This week, data coming out of the UK was a mixed bag. A report on Tuesday revealed that unemployment and wages have risen, showing that unemployment increased by 159,000 in the last quarter, pushing the jobless rate higher to 4.3%. It’s not all bad news, however, as total pay also went up by 8.5% per year in Q3. Of course, factored into this must be that this rise was boosted by one-off payments to NHS and Civil Service workers in the summer, but even so ‘real pay’ still rose by an annual rate of 1.2%, the report said. While good news for UK residents, as wages are once again rising faster than inflation, it may prove a headache for the Bank of England, who is set to meet again this month and will decide whether to again raise interest rates.
UK GDP also declined more than economists expected, data published from the ONS on Wednesday showed. Predictions for shrinkage sat at 0.2% earlier this month after retail sales underwhelmed, but the official figure showed the economy receded by 0.5%. The region has experienced a particularly showery summer and the effects of tightening monetary policy are still lagging through the economy, causing a decline in public output that informs a large part of the figure, introducing further pressures around a stagflation environment. However, alongside recent weaker PMI data that is also said to have been pushing the UK to a slowdown in Q3, this morning we have seen manufacturing and industrial production data that has presented better than forecast, showing that there are plenty of pockets of growth positivity within the region.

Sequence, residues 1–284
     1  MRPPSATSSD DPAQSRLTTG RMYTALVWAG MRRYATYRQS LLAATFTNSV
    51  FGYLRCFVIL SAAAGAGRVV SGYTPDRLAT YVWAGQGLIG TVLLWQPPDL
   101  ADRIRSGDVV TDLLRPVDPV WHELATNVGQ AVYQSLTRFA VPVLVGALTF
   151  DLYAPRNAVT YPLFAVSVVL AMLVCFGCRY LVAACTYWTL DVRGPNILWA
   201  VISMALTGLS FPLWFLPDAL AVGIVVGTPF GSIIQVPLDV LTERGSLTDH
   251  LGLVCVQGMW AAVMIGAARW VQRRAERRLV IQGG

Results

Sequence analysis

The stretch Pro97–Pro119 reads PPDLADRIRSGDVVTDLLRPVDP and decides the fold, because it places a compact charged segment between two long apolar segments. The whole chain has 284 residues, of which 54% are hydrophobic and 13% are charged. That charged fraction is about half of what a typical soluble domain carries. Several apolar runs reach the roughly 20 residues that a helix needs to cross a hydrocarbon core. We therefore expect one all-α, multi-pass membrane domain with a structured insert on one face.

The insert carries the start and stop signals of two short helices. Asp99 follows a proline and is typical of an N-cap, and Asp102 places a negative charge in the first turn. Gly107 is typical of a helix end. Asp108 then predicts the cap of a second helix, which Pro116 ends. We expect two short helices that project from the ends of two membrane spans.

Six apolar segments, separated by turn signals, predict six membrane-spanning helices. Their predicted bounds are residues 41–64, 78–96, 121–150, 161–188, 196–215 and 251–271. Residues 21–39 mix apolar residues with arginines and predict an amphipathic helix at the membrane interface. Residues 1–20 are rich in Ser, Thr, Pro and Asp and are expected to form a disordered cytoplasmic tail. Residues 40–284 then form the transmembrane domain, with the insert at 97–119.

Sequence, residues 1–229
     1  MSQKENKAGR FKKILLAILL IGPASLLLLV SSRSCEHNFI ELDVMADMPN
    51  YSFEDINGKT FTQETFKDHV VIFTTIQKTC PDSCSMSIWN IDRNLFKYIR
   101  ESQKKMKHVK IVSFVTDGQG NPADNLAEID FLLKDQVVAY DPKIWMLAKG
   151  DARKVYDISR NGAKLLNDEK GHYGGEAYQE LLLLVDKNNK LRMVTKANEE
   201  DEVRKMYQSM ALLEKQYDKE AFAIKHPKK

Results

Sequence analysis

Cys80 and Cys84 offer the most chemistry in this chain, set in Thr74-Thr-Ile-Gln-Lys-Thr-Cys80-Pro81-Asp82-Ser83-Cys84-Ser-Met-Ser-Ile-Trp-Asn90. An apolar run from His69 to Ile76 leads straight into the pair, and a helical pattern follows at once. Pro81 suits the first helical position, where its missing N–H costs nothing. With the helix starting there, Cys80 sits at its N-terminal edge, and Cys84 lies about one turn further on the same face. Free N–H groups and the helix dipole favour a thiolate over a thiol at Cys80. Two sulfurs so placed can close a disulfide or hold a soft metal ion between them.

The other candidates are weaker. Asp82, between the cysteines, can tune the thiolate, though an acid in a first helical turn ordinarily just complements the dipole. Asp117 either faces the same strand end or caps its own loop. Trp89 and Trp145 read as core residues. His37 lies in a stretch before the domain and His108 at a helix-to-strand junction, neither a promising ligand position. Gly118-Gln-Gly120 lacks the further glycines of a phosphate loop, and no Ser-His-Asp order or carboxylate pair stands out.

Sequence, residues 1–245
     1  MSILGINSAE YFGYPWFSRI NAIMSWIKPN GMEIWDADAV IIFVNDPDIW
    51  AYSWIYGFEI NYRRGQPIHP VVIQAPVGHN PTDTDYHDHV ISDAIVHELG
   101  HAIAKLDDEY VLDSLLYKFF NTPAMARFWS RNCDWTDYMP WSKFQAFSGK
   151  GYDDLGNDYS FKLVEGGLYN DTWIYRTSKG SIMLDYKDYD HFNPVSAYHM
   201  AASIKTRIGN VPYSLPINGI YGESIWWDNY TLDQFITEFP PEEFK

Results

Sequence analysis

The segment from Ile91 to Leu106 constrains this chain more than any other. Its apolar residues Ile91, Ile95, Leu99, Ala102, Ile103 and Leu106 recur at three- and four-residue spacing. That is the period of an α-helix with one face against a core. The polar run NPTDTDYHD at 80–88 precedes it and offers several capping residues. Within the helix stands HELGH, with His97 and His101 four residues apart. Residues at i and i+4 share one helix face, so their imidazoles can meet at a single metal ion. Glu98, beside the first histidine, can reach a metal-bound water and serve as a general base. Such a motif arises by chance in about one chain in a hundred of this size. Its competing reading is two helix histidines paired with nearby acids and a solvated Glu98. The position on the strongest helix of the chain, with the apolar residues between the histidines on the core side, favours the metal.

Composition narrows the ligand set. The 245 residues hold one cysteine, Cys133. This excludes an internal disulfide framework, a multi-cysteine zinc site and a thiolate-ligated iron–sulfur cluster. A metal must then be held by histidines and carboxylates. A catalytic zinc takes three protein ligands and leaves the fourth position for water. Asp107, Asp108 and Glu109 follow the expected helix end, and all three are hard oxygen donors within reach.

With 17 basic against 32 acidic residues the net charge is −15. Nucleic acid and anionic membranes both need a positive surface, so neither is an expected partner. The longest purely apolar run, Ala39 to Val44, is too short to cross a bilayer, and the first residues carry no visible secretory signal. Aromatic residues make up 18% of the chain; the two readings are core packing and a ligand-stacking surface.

Money markets are said to be betting on a further 25 basis point rate hike from the European Central Bank (ECB) this Thursday, although bonds are said to be remaining steady during the waiting period. While investors are split evenly on whether we will see another increase this week, many are expecting this to be the last of the tightening this year – something which incidentally also helped to buoy German investor sentiment in September. This week’s decision may be the hardest to forecast since July 2022, with analysts noting that the ECB is in the middle of a proverbial rock and a hard place, as ending increases too soon may look like they have given up too prematurely on their fight against inflation. Whilst the ECB always give consideration to Fed policy, they will likely remain data dependant, with their path differing from market expectations as we have seen in the past.
Still to come this week we have a raft of critical economic data. We have Chinese prime interest rate decisions, retail sales and industrial production. We have Japanese industrial production and US CPI and retail sales and the ECB’s interest rate decision.
Nicola Tune, Portfolio Specialist